09 March 2022

The wounded sea

The Wounded Sea, 2012-2013 Poët Laval, oil on canvas, 150 X 150 cm

This is painting from 2012-2013 when I had a large studio in Poët Laval which is land-locked and about 150 km away from the Mediterranean Sea. I made a series of these pictures and as they evolved I realised that they were about the dying sea. I often went for swims when I went down to Marseille or Cassis to see friends. On one particular trip just off Marseille on a rocky promenade at the end of an ally way within the city friend took me down for a swim one evening in late June. I was horrified by so much litter everwhere, broken bottles, plastic cups and what not everywhere on the large set of flat rocks. And yet being a Friday evening there were lots of locals making picnics and spread out over the rocks. The red sun was sinking gently into the sea to the West. Rosé and beer were being consumed. Cigarette butts were everywhere in various states of decays and broken glass too. I found it depressing. We jumped into the sea and swam out a ways but the refus seemed to follow me. Plastic bags like colourful and large jelly fish were floating everywhere around me. Though the view back up to the buildings on the Corniche was picturesque at sunset the water was filthy. 

At home a few days later I began making these images, abstract in a certain way but realistic in my own mind. Many of them are accompanied by a thin black strip running up one side of the canvas. People have asked me what is that about? For me it was a way to set off the light in the rest of the painting but also represented the black armband that in olden days long gone, People wore them on their sleeves to mark the mourning after the death of a loved one. In Italy and in my early days in Aix I often saw men and women wearing them in the streets, in shops and cafes and it was fairly commonplace. But I had never seen them worn in America although they certainly were. Here, Franklin Delano Roosevelt wearing on after the death of his mother.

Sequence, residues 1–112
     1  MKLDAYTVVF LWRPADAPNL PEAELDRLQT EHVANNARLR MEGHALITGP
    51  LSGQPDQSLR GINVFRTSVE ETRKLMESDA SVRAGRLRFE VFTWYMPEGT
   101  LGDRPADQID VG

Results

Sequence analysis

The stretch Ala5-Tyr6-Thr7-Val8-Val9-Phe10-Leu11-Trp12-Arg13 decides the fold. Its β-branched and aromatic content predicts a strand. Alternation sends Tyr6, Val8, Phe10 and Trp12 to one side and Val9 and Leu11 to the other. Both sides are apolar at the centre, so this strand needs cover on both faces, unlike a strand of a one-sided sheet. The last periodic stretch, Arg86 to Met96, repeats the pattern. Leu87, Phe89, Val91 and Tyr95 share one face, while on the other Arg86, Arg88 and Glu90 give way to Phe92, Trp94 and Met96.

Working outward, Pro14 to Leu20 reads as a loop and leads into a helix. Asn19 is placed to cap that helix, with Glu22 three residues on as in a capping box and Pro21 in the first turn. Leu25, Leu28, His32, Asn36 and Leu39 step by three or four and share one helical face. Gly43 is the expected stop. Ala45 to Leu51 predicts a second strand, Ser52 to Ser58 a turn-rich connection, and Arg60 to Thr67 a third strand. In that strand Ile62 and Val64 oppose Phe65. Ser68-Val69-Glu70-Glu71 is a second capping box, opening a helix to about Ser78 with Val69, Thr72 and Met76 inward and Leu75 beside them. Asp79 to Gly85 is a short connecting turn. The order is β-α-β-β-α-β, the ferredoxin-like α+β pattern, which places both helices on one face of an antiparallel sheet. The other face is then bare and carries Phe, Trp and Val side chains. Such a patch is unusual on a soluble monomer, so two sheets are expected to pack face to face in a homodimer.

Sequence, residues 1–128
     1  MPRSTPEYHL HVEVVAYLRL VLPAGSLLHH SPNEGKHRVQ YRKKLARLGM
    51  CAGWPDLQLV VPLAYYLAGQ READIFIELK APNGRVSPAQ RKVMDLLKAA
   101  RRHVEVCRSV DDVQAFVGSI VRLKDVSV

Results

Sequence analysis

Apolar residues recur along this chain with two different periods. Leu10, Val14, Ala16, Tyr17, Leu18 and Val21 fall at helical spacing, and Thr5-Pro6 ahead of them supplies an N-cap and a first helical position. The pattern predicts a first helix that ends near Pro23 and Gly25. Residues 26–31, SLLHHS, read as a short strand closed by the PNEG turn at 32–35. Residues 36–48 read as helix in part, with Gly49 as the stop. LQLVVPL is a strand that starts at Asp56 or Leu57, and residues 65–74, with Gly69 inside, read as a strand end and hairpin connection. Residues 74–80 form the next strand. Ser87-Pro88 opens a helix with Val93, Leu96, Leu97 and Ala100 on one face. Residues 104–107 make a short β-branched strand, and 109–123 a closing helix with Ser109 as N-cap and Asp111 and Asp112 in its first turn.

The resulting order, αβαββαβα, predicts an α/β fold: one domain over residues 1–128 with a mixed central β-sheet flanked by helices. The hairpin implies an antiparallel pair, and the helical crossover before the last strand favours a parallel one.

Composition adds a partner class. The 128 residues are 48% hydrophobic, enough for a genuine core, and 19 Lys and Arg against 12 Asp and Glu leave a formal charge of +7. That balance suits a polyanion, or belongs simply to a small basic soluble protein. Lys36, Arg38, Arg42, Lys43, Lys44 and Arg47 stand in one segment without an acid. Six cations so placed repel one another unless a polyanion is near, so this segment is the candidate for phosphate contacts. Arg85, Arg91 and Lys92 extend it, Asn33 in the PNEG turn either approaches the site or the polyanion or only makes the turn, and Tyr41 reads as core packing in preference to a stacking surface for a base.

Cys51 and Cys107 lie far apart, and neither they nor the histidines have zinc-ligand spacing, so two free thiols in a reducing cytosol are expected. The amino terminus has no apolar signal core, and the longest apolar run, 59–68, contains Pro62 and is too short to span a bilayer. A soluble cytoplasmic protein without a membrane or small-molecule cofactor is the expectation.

Her too is Elizabeth Stuart, Queen of Bohemia wearing one in a portrait from 1614.

And below, a British physician Richard Norris Wolfenden wearing one in 1905. 

But here in Australia there is a larger historical debate about culture in Australia at the end of the 20th century. The "Black Arm Band" debate concerns the issue of whether or not the History of Australian's founding were based on fact or fiction. Many scholars believed it was fiction so they wore black arm bands to protest the "fictional" views promulgated by so many politicians on the other side of the aisle.  

And so in this picture, among a few others done at the same time, I turned to this idea to find a graphic symbol to complete my thoughts about the wounded sea around us.

No comments:

Post a Comment